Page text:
Capitalism, america's bread and butter, competitive markets, survival of the fittest. These were ideas I grew up believing were the reasons why america had progressed so far, why we had so much wealth, why our sports teams were better, why we won our wars....I grew up believing that through free competition our species progressed, opposable thumbs, speech and all that. When I grew older, I thought it was a sad truth about existence. I thought it was a fundamental aspect of this world that reinforced my love of religion, which became a drive to "rise above" this world "the dark one" had spoiled. Slowly, however, as I grew and continued to observe, I saw the fruits of competition for what it is. I now see that it is a lie. They say the winners of wars write our history, so of course we have been taught this. We could not help but be indoctrinated.
Competition is not sustainable. You see it in business, you see it in politics, you see it in instituitionalized religion, you see it playgrounds with bullies, you see it petri dishes...at some point, there must be a level of cooperation for sustainability to be achieved or the winner eventually loses. This was a hidden truth from me, until I started meditating on sustaining practices.
This is were it goes deep, and it gets deeper the longer you learn and ponder. This realization that we are so intertwined with our world soon follows these contemplations, and then deeper it goes. Humility, love of others, respecting nature, helping the weak...the list of sustainable practices sound like all sorts of religious teachings.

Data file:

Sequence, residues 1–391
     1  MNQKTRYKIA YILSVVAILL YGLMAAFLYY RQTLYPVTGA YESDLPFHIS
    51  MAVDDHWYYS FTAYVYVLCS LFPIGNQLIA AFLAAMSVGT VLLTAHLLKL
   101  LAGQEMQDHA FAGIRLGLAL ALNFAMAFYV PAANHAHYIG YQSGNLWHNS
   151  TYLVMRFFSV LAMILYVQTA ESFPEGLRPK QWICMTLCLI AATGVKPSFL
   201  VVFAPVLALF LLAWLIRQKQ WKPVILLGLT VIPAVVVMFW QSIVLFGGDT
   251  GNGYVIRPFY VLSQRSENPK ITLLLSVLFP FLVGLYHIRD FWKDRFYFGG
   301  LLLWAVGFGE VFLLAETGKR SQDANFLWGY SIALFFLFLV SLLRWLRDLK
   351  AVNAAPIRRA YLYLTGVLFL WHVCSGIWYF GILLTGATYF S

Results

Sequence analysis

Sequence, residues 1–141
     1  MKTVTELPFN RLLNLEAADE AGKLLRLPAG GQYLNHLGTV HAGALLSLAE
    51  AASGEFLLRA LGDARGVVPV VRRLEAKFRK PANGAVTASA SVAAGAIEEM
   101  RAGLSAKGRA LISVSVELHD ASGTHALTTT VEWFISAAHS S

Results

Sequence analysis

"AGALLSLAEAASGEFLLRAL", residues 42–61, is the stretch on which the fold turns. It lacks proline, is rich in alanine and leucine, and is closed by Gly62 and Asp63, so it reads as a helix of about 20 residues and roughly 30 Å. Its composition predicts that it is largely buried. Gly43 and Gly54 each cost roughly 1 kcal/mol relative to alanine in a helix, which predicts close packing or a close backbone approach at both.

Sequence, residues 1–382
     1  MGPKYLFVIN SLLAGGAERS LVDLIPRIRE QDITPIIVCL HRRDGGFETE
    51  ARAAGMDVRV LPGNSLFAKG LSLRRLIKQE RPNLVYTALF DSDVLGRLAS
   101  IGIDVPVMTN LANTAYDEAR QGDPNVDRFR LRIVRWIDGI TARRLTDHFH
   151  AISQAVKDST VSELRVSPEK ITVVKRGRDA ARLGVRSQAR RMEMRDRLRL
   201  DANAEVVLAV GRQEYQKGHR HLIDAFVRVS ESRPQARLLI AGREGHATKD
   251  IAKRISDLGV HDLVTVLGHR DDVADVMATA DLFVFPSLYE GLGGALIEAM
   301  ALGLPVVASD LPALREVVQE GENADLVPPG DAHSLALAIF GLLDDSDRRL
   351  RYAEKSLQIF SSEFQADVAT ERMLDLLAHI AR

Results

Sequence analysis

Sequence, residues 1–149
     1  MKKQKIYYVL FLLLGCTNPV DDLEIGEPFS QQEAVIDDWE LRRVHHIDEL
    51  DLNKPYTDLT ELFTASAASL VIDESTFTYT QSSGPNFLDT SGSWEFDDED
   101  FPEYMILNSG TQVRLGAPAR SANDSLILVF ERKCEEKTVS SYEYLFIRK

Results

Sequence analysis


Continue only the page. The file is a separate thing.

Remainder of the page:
Ghandi was right in saying that the answers to all of humanity's problems can be found in the christian gospels. This is esteemed as profound since he was a follower of hinduism. I personally, take great and profound meaning in the phrase: "the meek will inherit the earth." In the given context, that seems to me be a statement in agreement with Darwin.
It's still difficult for me, mostly because I was one of those who is good at winning, to wrap my mind around all this. So really, man, in a wonderful twist of fate, I have to get used to being bad at something I am trying. Relearning how to cooperate instead of compete. Share knowledge, share resources, help everyone excel..I'm not saying every kid gets a trophy for the soccer game. I'm saying every kid needs to be allowed to share the full potential of their talents so everyone can win, cooperatively.